CullmanTimes.com - Cullman, Alabama

Health

June 28, 2013

Junk food bounced from U.S. schools

WASHINGTON — Junk food and sugary drinks will be pulled from schools next year as part of a nutritional overhaul aimed at improving child health and tackling obesity.

The "Smart Snacks in School" standards released Thursday by the U.S. Department of Agriculture takes such options as full-fat chocolate cookies, fruit snacks and candy bars offered at lunch and in vending machines, replacing them with healthier foods such as peanuts, light popcorn and fruit cups. Elementary and middle school children can drink water, milk and juice, while high school students also will be offered beverages with 60 calories or fewer in a 12-ounce serving.

The snack rules, which had been proposed in February, take effect in July 2014, giving schools and suppliers time to adjust to requirements that promote foods high in whole grains, dairy, fruits and vegetables, the USDA said. The guidelines don't apply to foods sold after school or brought from home. Bake sales, fundraisers and sweet treats at parties are still allowed.

"It's important to teach children healthy eating habits that will affect their health throughout their lives," said Margo Wootan, the nutrition policy director at the Center for Science in the Public Interest, a Washington-based consumer advocacy group, who has worked on the issue for more than 15 years. "It doesn't make sense for schools to teach nutrition in the classroom, then counter it by selling sugary drinks and candy bars in vending machines in the hallway."

The snack rules build on the revamped nutritional standards for school lunches and breakfasts enacted about a year ago. The agency reviewed almost 250,000 comments from teachers, students, and health and industry officials stemming from the proposal.

"Parents and schools work hard to give our youngsters the opportunity to grow up healthy and strong, and providing healthy options throughout school cafeterias, vending machines, and snack bars will support their great efforts," Agriculture Secretary Tom Vilsack said in a statement.

Text Only
Health
  • Doctors to rate cost effectiveness of expensive cancer drugs

    The world's largest organization of cancer doctors plans to rate the cost effectiveness of expensive oncology drugs, and will urge physicians to use the ratings to discuss the costs with their patients.

    April 16, 2014

  • treadmill-very-fast.jpg Tax deduction for a gym membership?

    April marks another tax season when millions of Americans will deduct expenses related to home ownership, children and education from their annual tax bill. These deductions exist because of their perceived value to society; they encourage behaviors that keep the wheels of the economy turning. So why shouldn't the tax code be revised to reward preventive health?

    April 15, 2014 1 Photo

  • Boston doctors can now prescribe you a bike

    The City of Boston this week is rolling out a new program that's whimsically known as "Prescribe-a-Bike." Part medicine, part welfare, the initiative allows doctors at Boston Medical Center to write "prescriptions" for low-income patients to get yearlong memberships to Hubway, the city's bike-share system, for only $5.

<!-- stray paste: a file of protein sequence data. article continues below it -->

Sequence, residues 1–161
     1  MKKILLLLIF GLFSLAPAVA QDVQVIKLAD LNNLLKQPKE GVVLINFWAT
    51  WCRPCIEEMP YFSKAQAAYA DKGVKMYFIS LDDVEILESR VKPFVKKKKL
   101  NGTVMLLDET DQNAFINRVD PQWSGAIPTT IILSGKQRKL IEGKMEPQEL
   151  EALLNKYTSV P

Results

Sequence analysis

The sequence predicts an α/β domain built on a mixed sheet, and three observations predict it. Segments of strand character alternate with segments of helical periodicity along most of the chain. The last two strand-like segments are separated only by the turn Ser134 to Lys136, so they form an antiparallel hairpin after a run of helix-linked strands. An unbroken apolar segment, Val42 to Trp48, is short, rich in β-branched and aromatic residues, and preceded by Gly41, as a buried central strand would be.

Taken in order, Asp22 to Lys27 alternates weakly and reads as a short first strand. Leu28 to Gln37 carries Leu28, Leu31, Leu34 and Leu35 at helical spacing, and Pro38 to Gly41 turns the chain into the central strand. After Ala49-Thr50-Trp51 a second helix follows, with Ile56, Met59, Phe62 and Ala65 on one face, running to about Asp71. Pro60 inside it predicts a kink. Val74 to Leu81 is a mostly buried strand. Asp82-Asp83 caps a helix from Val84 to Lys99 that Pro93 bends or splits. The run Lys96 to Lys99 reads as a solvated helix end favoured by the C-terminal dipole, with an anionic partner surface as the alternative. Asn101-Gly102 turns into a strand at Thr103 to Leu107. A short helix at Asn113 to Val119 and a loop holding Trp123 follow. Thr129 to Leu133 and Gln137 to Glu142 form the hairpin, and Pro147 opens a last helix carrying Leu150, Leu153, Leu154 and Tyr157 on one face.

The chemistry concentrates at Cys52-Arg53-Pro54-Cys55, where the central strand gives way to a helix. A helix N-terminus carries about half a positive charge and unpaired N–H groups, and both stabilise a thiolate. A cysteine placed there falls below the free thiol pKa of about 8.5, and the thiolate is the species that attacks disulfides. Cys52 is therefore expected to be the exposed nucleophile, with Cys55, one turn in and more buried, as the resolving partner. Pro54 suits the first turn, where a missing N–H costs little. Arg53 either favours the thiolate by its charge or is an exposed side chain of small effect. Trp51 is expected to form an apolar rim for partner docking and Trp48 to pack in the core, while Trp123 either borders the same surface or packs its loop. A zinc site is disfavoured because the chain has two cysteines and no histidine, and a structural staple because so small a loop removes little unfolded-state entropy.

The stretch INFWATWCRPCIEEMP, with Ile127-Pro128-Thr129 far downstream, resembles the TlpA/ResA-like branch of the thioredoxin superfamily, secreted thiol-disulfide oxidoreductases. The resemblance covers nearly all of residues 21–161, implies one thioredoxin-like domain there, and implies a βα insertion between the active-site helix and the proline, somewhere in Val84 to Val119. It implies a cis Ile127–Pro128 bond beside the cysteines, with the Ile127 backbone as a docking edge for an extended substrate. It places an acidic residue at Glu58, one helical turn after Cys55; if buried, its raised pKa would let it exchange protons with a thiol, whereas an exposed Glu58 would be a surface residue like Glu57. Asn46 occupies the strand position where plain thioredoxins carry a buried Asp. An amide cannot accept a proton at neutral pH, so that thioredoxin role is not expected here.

April 12, 2014

  • Fast, cheap test can help save lives of many babies

    As Easley did more research into her daughter's death, she learned that a pilot program had started just months earlier at Holy Cross Hospital in Silver Spring, Md. (Easley had delivered at a different hospital in the Washington area.) The program's goal was to screen every newborn with a simple pulse oximeter test that can help detect heart problems such as Veronica's, allowing doctors to respond.

    April 8, 2014

  • CEMS groundbreaking CEMS holds groundbreaking

    March 31, 2014 1 Photo

  • Which foods are the worst for the environment?

    As with most arguments about our food supply, though, it's not that simple. Although beef is always climatically costly, pork or chicken can be a better choice than broccoli, calorie for calorie.

    March 15, 2014

  • ERIC-HOLDER.jpg Holder: Heroin deaths an 'urgent and growing public health crisis'

    Attorney General Eric Holder, calling the rise in deaths from overdoses of heroin and prescription painkillers an "urgent and growing public health crisis," is outlining a series of efforts by the Justice Department to combat the epidemic.

    March 11, 2014 1 Photo

  • Study says too much protein could lead to early death

    Even as researchers warned of the health risks of high-protein diets in middle age, they said eating more protein actually could be a smart move for people over 65.

    March 4, 2014

  • Six reasons childhood obesity has fallen so much

    A major new paper appearing in Wednesday's edition of the Journal of the American Medical Association finds that childhood obesity - age 2 to 5 - has fallen from 13.9 percent in 2003-04 to 8.4 percent in 2011-12.

    February 27, 2014

  • Does your insurance plan cover self-inflicted injuries?

    Dealing with a suicide or attempted suicide is stressful enough. Some health plans make the experience worse by refusing to cover medical costs for injuries that are related to suicide or an attempt - even though experts say that in many cases such exclusions aren't permitted under federal law.

    February 26, 2014

Facebook
AP Video